When I was going through my files today, I came upon an entry I had in my previous Panama Journal. I was lucky enough to have met Rubén and his wife when I lived in Boquete. They were economists and provide consulting services in Panama. One of their projects was studying the economics of the widening of the Panama Canal. . I had learned that Rubén had a hydroponics farm and he graciously offered to give me a tour. The day I visited this hydroponics farm really was interesting to me. What follows is a portion of the February 5, 2004 entry in the Journal. Minor editing has been done to the original entry.
Productos Hidropónicos de Panamá
Rubén told me he had an interest in hydroponics farming for some time and had spent several years pursuing it as a hobby. He said his wife thought hobbies were nice, but this one was getting expensive enough that maybe it was time for it to pay for itself. With that HidroPónicos de Panamá, grew from a hobby into a working business. The drive to his farm took us higher up and north from the city of Boquete. Not far past the Sitton coffee factory was the entrance to his farm. We drove up a narrow road that eventually required the use of four-wheel drive since it was close to a 45-degree incline. At the top we came upon a nice lush farm and in the distance we could see the greenhouses that belong to Productos Hidropónicos de Panamá.
To enter the greenhouses we had to pass through a contamination barrier, which was used to insure that bugs could not come in contact with the plants. At the front part of the hydroponics growing process is the water treatment system that is used to feed the plants. There are two large water reserves that are used to accurately measure the exact plant feed that is required. Then this feed is placed in another water vat from which it is pumped into long PVC tubes that hold the growing plants. Each plant resides in its own peat moss filled cup. The water flows through the tubes where each plant consumes what it needs.
All of the tubes have a 2-degree inclination drop to allow gravity to return the unused liquid back to the beginning where it is re-filtered and then reused. Throughout the process the food content is monitored as well as the temperature within the greenhouse. When the plants have gone through their growing cycle and are harvested, the individual growing tubes are placed in a chlorination bath and made ready for the next set of plants. All in all it was really an exciting thing to see and the quality of these products are second to none that I have seen. Some of the larger grocery stores and restaurants in Panama that are interested in high quality are providing these products for their customers. Ruben mentioned Bennigans and McDonalds, but I do not remember if they are current customers or in the process of becoming customers.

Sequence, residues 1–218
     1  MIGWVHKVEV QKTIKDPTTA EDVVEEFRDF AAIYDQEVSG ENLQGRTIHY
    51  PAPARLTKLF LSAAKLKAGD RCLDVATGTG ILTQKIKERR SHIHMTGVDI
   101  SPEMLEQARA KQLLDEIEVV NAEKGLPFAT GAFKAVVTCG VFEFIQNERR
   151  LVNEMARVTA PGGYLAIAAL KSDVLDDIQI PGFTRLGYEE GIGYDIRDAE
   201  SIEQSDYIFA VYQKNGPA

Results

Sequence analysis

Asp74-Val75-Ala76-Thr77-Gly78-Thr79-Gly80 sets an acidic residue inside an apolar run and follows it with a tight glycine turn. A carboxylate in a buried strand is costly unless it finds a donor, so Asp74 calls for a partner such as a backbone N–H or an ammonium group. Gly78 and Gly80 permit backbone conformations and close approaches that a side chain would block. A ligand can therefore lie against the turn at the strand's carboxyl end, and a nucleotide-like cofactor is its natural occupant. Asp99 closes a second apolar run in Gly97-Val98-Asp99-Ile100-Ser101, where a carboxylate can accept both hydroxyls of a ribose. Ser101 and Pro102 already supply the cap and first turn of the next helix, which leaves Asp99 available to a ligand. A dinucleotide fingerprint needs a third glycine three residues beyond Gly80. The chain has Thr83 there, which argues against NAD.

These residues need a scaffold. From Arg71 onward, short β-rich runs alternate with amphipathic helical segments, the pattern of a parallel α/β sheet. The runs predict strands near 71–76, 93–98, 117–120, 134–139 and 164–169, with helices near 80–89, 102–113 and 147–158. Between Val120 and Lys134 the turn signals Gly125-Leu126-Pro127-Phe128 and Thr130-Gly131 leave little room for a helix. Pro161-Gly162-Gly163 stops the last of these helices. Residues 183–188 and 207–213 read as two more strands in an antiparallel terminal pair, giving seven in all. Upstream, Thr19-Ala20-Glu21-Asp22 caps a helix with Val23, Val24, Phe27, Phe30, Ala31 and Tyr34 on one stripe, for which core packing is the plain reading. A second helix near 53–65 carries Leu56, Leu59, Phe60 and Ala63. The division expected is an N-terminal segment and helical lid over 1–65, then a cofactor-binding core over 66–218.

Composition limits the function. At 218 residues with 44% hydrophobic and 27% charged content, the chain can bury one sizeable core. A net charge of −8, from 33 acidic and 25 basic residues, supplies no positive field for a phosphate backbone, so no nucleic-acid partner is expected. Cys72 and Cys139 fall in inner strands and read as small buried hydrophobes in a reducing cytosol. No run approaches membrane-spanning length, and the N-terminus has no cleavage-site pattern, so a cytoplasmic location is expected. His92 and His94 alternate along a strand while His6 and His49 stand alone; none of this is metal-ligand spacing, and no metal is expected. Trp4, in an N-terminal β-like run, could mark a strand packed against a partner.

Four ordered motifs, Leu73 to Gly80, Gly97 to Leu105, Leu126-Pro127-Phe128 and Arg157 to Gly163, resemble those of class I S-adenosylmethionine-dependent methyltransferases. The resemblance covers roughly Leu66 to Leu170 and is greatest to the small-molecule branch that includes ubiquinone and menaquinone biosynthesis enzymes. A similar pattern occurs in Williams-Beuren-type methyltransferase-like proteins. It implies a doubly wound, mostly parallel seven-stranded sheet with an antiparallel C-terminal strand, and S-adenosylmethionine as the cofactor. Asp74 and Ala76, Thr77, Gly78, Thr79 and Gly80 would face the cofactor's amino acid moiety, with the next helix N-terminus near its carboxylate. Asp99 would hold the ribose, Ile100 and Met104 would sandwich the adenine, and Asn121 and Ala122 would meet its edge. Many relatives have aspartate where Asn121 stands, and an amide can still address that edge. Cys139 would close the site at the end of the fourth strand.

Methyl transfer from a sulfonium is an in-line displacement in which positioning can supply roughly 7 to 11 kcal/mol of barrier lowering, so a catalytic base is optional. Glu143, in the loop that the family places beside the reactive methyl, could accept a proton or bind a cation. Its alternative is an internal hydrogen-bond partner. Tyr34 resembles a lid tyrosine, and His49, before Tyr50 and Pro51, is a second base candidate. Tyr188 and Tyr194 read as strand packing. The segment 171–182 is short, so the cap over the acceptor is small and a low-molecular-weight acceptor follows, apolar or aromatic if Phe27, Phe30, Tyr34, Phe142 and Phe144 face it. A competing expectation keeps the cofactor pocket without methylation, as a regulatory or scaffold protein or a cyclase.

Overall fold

Since the plants are free of all pesticides and are fed exactly what they need, they really become gorgeous plants and certainly more healthy for you. Some of the other benefits are the shortened growing cycle and controlled environment. We also went through the packaging operation. This was a typical clean room operation with all the food handlers wearing gloves, hairnets, gowns, and breathing masks. I must say I was very impressed with what I saw. While my description of the entire process is limited, I assume you get the idea
The following is a little picture tour of part of what we saw.
The first picture shows a variety of lettuce with a reddish colored leaf. At the far end is one of the secondary tanks that contain the nutrient water that will be pumped to all the plants. Also visible in this picture is one of the monitoring devices.
The next picture shows more of the plants.
The next two pictures are of basil being grown. The second picture is a close up of one individual plant.
The next picture is cilantro.
The next picture is of romaine lettuce.
The next picture is toward the beginning of the plants life cycle. Seeds are placed in peat moss and then soon become as shown here. These squares are about one inch on a side.
This is another variety of lettuce, but the main reason I took this picture is to show the water being returned to the initial part of the process. Notice how clear the water is.
The plants in the middle of this picture are the seedling plants. Their next step will be to be placed in a plastic cup and then in the feeding tubes.
This picture is the chlorine bath that the tubes are placed in following one growing cycle and prior to the next.
Smile Rubén, you really have something to be proud of here. I appreciated the tour and I am sure others will too.
I should tell you that Productos Hidropónicos de Panamá was written up in Volume 13, Number 3, January / February 2002 of the Growing Edge. However, if you want to read the article, it will cost you $5.00.
On the way back, Rubén told a cute story that is an example of living in a small town. It seems he needed to get a cab to bring him to his house from Boquete. He described to the cab driver how to get there. Remember there are no street signs and you give directions based on landmarks. After he got through telling the cab driver how to find his house, the cab driver said “Oh, that is the house where Jagger and Baloo live.” Isn’t it great when you are known by the animals you own? Jagger and Baloo are Rubén’s first two Labs.